The 1971 N.A.B.B.A. Professional Mr. Universe contest ended my almost twenty-year bodybuilding career. I had made the promise that if I got through it, I would be forever thankful.

My wife, Judy, and I, returned to our normal lives in Pasadena, California, working in our gym twelve to fifteen hours a day. The only fanfare was a nice write-up in the Pasadena Star News and the members of the club surprised us with a party and a gift of a flintlock rifle, which I hung on our office wall. All requests for articles, exhibitions and seminars, were turned down. My competitive bodybuilding career had gone full circle from being elated at winning the 1953 A.A.U. Mr. America contest to wanting to forget the 1971 N.A.B.B.A. Mr. Universe contest. Competitive bodybuilding had changed into a sport that I no longer wanted to be a part of. With growing disappointment, I had watched the sport of fitness become a drug-based, dog-eat-dog business. I was one of the few competitors onstage that day that wasn’t taking any form of anabolic steroids.

Below is an article written by George Coates for Iron Man magazine in early 1971

By George Coates

Bill Pearl is almost 41 years old. He has once again decided to enter N.A.B.B.A.’s famed Mr. Universe Contest to be held as usual in London in September. I’m sure many people are wondering why should this man who has been at the top longer than any other physique star lay his hard-earned reputation as the world’s best-built man on the line against fellows half his age? There are many reasons.

Bill, like a lot of other people, loves the sport he has done so well at for over 20 years. He hates to see the game being abused in any shape or form. He is particularly appalled at the methods certain top physique men are resorting to in their quest for greater muscle size. Bill has a 14-year-old son and he swears if his boy has to take drugs and do some of the other crazy things these physique men are doing, he would sooner his boy never touched a barbell.

We all know that so many young men have radically changed the course of their lives, always for the worse, through the use (or should I say OVERUSE) of tissue-building drugs. Rumour has it that some men in the weight game have actually died as a result of taking these drugs. Bill wants to do all in his power to rid the weight game of DIANABOL and its counterparts. These drugs have their part in medicine, but they are NOT needed by ANYONE who desires to be healthy, fit and strong through the use of barbells!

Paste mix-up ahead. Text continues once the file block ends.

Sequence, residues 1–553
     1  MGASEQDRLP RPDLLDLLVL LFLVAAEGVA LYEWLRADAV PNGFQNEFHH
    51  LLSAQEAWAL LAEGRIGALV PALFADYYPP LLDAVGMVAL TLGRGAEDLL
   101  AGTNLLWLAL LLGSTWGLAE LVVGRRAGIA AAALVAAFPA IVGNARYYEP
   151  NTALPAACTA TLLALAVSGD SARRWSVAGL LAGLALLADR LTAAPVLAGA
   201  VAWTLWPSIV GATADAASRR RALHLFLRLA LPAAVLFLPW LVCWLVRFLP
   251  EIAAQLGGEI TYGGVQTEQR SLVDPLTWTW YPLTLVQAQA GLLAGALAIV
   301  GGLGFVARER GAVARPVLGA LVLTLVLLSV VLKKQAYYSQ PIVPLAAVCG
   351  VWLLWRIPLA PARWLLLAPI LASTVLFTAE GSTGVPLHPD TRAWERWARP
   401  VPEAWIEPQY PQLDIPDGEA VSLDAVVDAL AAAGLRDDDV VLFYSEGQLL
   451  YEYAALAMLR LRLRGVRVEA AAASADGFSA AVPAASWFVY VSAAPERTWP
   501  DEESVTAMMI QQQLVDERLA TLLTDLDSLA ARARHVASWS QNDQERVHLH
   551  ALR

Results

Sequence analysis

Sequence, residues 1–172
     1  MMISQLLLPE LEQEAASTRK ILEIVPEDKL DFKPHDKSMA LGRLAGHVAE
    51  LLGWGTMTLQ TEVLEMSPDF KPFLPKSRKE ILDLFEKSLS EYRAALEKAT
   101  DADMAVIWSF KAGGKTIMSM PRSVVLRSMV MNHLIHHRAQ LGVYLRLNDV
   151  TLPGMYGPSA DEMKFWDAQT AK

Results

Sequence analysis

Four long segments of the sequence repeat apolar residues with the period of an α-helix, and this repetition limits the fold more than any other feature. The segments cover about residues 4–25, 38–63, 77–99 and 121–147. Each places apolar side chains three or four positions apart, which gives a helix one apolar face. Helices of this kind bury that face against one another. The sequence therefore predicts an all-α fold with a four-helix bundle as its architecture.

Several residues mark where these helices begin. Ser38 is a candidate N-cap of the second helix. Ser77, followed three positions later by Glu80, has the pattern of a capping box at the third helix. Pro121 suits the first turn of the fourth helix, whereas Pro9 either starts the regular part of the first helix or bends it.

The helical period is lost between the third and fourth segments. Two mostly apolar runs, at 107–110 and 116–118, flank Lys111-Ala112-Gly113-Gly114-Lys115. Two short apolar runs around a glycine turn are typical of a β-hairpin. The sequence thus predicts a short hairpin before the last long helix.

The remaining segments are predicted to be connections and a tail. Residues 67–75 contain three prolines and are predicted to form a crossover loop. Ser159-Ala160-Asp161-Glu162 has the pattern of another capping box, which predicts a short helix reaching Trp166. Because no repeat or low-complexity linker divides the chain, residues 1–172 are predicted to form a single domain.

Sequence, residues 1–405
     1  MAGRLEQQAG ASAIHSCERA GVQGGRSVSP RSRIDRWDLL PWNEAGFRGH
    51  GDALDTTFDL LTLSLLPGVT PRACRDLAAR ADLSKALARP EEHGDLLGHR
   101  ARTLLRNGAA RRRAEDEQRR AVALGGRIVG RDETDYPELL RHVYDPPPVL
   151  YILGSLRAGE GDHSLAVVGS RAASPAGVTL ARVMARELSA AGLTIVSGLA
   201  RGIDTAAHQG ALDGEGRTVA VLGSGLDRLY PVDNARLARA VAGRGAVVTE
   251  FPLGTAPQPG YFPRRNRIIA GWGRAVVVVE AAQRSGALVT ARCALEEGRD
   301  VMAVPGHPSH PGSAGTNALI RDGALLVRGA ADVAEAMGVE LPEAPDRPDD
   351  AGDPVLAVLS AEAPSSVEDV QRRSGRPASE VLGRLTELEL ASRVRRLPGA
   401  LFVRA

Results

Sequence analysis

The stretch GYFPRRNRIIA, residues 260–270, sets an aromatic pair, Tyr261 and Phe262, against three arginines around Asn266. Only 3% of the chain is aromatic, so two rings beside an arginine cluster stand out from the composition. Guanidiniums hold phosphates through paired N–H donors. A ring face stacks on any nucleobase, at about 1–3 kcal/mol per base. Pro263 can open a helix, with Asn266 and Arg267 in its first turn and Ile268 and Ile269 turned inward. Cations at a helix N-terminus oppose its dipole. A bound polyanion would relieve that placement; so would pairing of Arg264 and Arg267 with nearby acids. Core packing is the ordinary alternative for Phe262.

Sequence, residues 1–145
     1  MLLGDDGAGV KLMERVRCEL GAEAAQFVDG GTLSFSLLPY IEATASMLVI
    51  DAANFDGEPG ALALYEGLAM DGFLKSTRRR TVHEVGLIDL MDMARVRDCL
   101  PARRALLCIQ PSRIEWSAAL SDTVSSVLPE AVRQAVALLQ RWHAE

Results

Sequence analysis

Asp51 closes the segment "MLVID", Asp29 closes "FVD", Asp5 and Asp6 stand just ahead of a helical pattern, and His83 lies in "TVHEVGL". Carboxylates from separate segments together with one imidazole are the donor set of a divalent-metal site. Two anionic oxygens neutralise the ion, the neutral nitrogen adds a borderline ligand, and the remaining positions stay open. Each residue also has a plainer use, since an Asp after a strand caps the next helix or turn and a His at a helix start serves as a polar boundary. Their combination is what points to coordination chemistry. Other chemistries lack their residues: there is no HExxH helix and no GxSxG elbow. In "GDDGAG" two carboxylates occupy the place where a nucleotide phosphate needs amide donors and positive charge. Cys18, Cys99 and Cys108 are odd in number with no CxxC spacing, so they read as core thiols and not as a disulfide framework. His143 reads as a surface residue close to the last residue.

Another reason that Bill has decided to enter this, his final contest, is due to the fact that for years he has silently endured ridicule and uncouth comments by a certain magazine with “the trainer of champions” at the helm. For years this magazine would provoke people like Bill, Reg Park and the one and only John Grimek by running “polls” to supposedly determine who was the world’s greatest bodybuilder. In the final ratings, all three would appear way down their list. It got to be quite ridiculous! They would be rating men who would look like boys standing next to this trio of giants way up on their top ten, or top twenty, or whatever.

Last year things came to a head when an article was published attributed to Arnold Schwarzenegger, hurling rather unwarranted remarks at certain top liners, most of these being aimed at Bill Pearl in particular. I know Arnold Schwarzenegger. He would never write an article of that nature. He is a nice young man with a fantastic physique, currently associated with an organization that took similar advantages of Reg Park many years ago. In fact, Arnold and Earl Maynard (Mr. “U” of 1964) were visiting Leo Stern and me about six weeks ago, and believe me, big Arnold has nothing but the utmost respect and admiration for Bill Pearl. Being the gentleman he is however, Arnold would not comment.